The 2020 edition of the North American Mass Timber State of the Industry Report introduced the concept of The Marshall Effect. The Marshall Effect projects the pace of global mass timber construction and the resulting North American carbon sequestration. It is named in honor of SmartLam’s Steve Marshall for his mass timber market development contributions.
Every 1 million board feet of increased lumber demand will lead to adding 3,000 acres of new working forest land. By 2034, the 12.9 billion board feet of new lumber demand arising from mass timber will have led to the establishment of nearly 77 million acres of new forest land. As perspective, that would be an increase of about 4% of the current North American forest land area. It is estimated that, on average, each acre of working forest land can sequester a total of about 13 tons of carbon over a rotation, but only 50% of that amount is credited against carbon emissions since about half of a tree’s merchantable volume is utilized as long-lived forest products.
The practical capacity* of the mass timber manufacturer’s operating in 2019 is 15,494,000 cubic feet of panels allowed for use in structural applications.The estimated demand for mass timber used in North American buildings in 2034 will be 576,000,000 cubic feet. This means mass timber manufacturing practical capacity will need to increase by a factor of nearly 40 by 2034 to meet the increase in demand for mass timber used in buildings. *Practical capacity is currently estimated at 65% of nameplate capacity. The gap between practical and nameplate capacity may shrink in the future as mass timber panel production becomes more standardized (i.e., mass timber panels are produced to standard sizes and thicknesses as opposed to the current.
Of the main structural material choices for buildings, wood is the only option that can be sustainably sourced and that can also store rather than emit carbon. Collaborative design processes bring designers, builders, and manufacturers together in a scenario that can more closely control the sourcing, waste, and embodied carbon emissions of a building. Products sourced from rural areas and erected largely in urban centers bridge the urban/rural divide. When sustainably harvested, mass timber products are widely supported and endorsed in diverse communities. Building practices that minimize waste, such as modular mass timber and prefabricated components, are often also associated with improved and more diverse working conditions, contributing to equity and social sustainability of communities. Sustainably sourced wood does not necessarily come at a premium, but sources should be vetted before purchase to be compatible with project and industry carbon goals.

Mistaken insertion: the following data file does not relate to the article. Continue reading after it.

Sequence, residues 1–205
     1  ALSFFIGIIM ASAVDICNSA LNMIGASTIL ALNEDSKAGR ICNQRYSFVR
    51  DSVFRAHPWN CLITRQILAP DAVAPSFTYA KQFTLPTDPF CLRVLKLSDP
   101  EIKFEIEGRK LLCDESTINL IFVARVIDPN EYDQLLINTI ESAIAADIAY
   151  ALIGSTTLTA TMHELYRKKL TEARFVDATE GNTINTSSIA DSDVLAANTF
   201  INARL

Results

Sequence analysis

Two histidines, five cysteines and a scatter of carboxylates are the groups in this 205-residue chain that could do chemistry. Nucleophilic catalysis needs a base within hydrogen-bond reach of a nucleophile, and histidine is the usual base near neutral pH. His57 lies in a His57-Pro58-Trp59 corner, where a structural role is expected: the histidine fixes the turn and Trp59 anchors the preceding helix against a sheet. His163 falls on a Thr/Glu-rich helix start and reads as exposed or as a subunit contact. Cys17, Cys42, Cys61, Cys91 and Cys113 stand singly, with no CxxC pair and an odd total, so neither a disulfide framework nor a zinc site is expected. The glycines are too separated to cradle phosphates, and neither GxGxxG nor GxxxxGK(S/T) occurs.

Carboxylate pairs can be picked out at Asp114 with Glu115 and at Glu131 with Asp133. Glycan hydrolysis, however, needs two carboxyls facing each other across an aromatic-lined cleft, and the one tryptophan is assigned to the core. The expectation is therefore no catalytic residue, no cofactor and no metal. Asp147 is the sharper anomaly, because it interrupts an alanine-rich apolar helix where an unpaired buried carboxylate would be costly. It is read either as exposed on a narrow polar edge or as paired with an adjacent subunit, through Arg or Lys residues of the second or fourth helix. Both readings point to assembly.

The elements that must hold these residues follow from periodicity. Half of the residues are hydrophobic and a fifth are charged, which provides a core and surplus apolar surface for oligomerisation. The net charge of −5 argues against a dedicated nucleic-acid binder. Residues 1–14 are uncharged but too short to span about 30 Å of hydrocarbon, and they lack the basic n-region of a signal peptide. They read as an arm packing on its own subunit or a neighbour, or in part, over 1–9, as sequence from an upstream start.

It is estimated that each square foot of building constructed with mass timber consumes, on average, 0.9 cubic feet of mass timber raw material. Each cubic foot of mass timber raw material is estimated to require 22.5 board feet (nominal) of lumber to produce. Doubling the number of buildings made from mass timber every 2 years between 2020 and 2034 equates to an estimated increase in lumber demand of 12.9 billion board feet by 2034*.As perspective, 2019 North American softwood lumber demand (the primary raw material used for producing mass timber) was estimated to be about 60 billion board feet. Thus, new softwood lumber demand arising directly from mass timber buildings in 2034 is estimated to be about a 21.5% increase over 2019 demand.
Carbon neutrality is an important goal, but the building industry can and should go further, and by 2034 can store more carbon than it emits if mass timber market saturation is achieved. Choosing sustainably harvested wood as a primary structural material significantly contributes to turning a building into a carbon store.a,b Quantifying the embodied carbon of wood products is complex, and it’s currently in a nascent and rapidly developing research phase. Forestry practices matter greatly in the carbon storage potential of wood, but it is not yet clear how to accurately measure or regulate carbon objectives. The Life Cycle Analysis (LCA) of a given building may choose to exclude wood decomposition in the carbon profile to better understand short-term (2050) impacts. Reuse potential is generally not factored in LCA models, nor is the global goal of reducing atmospheric carbon in the short term. a. There is an estimated 0.023 tons of carbon offset for every square foot of mass timber building instead of using steel and/or concrete. b. There is an estimated 0.0047 net tons of carbon sequestered by mass timber for every square foot of mass timber building.
Exposed wood surfaces support biophilic responses in building occupants, promoting health and productivity benefits in all building types. Demand for comfortable, healthy interior spaces drives a market for sustainably sourced wood buildings. Spaces that give occupants a “sense of place,” such as visible locally sourced wood, are correlated with environmentally conscious behavior, multiplying the benefits of a carbon-sequestering wood building.
In the near future, the carbon impact of any investment will factor into its market value. Sustainably harvested wood fits naturally into a Circular Carbon Economy. Mass timber consumers who support sustainable forestry practices and policies will push the wood market towards maximum carbon storage potential of forest products. The Life Cycle Analysis (LCA) of a given building may choose to include the 1-to-1 equivalent replanting that occurs in most North American forestry practices, or go further and pledge additional replanting to offset other carbon emitting building elements.